Distributed FAQ: How Does Crisis Management Work in a Remote Context?

In Distributed FAQ, Matt Mullenweg addresses some of the most common issues companies, executives, and individuals face as they consider transitioning to a distributed model.


Q. How do you tackle crises and tough situations in a remote setting, when it’s impossible to gather all the relevant parties in one room?

A. The number-one priority is communication. Communicating often and transparently is key. At Automattic, we have a company-wide Slack #announcements channel that will link to a P2 blog post for additional context. We advocate for a framework of radical candor. 

We’re a distributed company, but we deal with the same challenges as other companies, including security breaches, hacks, downtime, fraud, and employee issues. I believe that conversations that happen in written form can be very helpful — they’re archived, so we can refer back to them, and they facilitate learning. One person can share a written summary with their interlocutor so they come to a shared understanding.

While working distributed, you can de-escalate yourself easily. You can take a break. A micro-habit you may want to introduce is to take a mindful minute and breathe.

And one final guideline we’ve adopted over the years, after seeing it defuse tough, challenging moments: assume positive intent (lovingly dubbed API) in all communications. Take the extra moment to consider how you might have misinterpreted a colleague’s words, or how they may have misread yours.


For more on communication and chaos, listen to Matt’s conversation with Automattic’s Sonal Gupta.

On the Psychology of Remote Meetings

Anyone who’s spent a few minutes on Zoom (by now, who hasn’t?) must have intuitively grasped that remote meetings via videoconferencing come with distinct textures and dynamics compared to in-person conversations. But what is it that underpins these differences? Over at Google’s The Keyword blog, UX Researcher Zachary Yorke explores the scientific explanations for the way our face-to-face communication changes as soon as it switches from colocated to distributed.

Even minuscule details, like milliseconds in audio lag, can make a Zoom call feel radically different from a hallway chat:

When the sound from someone’s mouth doesn’t reach your ears until a half second later, you notice. That’s because we’re ingrained to avoid talking at the same time while minimizing silence between turns. A delay of five-tenths of a second (500 ms)—whether from laggy audio or fumbling for the unmute button—is more than double what we’re used to in-person. These delays mess with the fundamental turn-taking mechanics of our conversations.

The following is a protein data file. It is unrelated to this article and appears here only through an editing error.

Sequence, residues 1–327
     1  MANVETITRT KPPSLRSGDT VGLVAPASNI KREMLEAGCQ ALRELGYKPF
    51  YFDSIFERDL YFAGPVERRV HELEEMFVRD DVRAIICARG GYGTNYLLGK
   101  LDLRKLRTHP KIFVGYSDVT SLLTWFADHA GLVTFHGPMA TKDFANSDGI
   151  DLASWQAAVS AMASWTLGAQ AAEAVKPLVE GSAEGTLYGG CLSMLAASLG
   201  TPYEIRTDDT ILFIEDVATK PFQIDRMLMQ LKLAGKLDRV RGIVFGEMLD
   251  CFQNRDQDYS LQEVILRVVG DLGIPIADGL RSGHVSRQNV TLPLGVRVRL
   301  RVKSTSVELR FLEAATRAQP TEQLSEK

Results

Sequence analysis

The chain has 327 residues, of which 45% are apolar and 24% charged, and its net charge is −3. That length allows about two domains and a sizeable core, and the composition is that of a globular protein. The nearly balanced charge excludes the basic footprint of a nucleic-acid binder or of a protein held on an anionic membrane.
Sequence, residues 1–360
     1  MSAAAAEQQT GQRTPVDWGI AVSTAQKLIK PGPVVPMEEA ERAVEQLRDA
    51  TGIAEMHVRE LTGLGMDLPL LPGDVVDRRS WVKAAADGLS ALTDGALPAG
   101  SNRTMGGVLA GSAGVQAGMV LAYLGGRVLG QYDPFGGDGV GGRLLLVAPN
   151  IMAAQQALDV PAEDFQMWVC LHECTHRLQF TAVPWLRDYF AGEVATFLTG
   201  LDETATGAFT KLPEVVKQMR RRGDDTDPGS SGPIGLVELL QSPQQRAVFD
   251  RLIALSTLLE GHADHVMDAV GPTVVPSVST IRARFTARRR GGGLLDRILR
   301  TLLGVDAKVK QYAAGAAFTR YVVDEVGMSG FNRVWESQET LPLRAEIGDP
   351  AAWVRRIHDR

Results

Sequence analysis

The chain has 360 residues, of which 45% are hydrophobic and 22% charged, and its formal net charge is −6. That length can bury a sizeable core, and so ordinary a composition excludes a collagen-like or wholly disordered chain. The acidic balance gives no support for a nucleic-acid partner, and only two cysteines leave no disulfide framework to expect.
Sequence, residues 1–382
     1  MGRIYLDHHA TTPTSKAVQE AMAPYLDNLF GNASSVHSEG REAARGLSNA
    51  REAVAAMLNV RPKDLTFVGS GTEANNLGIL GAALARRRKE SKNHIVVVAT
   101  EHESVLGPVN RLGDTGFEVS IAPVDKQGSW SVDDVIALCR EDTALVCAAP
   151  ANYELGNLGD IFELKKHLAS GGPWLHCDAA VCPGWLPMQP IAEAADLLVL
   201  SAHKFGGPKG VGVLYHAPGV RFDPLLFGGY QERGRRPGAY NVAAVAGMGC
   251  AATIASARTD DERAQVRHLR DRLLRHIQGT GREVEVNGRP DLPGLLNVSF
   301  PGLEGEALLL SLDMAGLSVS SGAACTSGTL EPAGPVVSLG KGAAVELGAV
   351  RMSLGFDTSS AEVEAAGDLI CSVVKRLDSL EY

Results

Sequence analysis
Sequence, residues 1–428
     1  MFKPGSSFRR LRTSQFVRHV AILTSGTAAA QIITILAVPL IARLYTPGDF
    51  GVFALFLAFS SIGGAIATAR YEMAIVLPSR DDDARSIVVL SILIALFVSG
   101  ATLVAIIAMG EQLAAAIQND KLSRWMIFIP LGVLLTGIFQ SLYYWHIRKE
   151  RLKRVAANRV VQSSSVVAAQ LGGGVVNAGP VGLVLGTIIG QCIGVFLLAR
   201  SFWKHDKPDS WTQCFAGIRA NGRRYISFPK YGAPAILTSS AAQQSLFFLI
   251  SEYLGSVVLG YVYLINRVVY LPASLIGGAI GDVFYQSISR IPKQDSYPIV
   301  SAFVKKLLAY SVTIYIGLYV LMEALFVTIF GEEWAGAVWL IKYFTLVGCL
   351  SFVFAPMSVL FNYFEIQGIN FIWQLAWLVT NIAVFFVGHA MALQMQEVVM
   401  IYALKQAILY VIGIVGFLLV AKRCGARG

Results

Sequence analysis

Read the rest of the post at The Keyword

Photo via Pexels

Distributed FAQ: What Are the Key Tools for Creating an Effective Remote Work Environment?

In Distributed FAQ, Matt Mullenweg addresses some of the most common issues companies, executives, and individuals face as they consider transitioning to a distributed model.


Q. What are the necessary tools and processes to create an effective remote work environment?

A. There’s a lot to say here, of course, so let’s start with a few fundamentals:

  • Choose a small set of core applications for the entire organization, for example Zoom for video calls, Slack for day-to-day conversations, and G Suite for documents, spreadsheets, and (if you choose to use it) email. 
  • Foster a strong sense of autonomy. Give individual teams a lot of freedom to choose the rest of their stack, whether it’s GitHub for development, Asana or Trello for project management, InVision or Figma for design, and so on.
  • Try out a no-email approach. At Automattic, our secret sauce is that we don’t use email within the company. Instead, we have an internal blogging system called P2. P2 displays all conversations on a team or project’s homepage, updates in real time, and comes with the built-in benefit of being a searchable blog. You can also tag individuals and teams on P2. This system creates rich conversations that happen asynchronously and then become the collective wisdom of Automattic. We publish well over 1,000 posts and comments every day.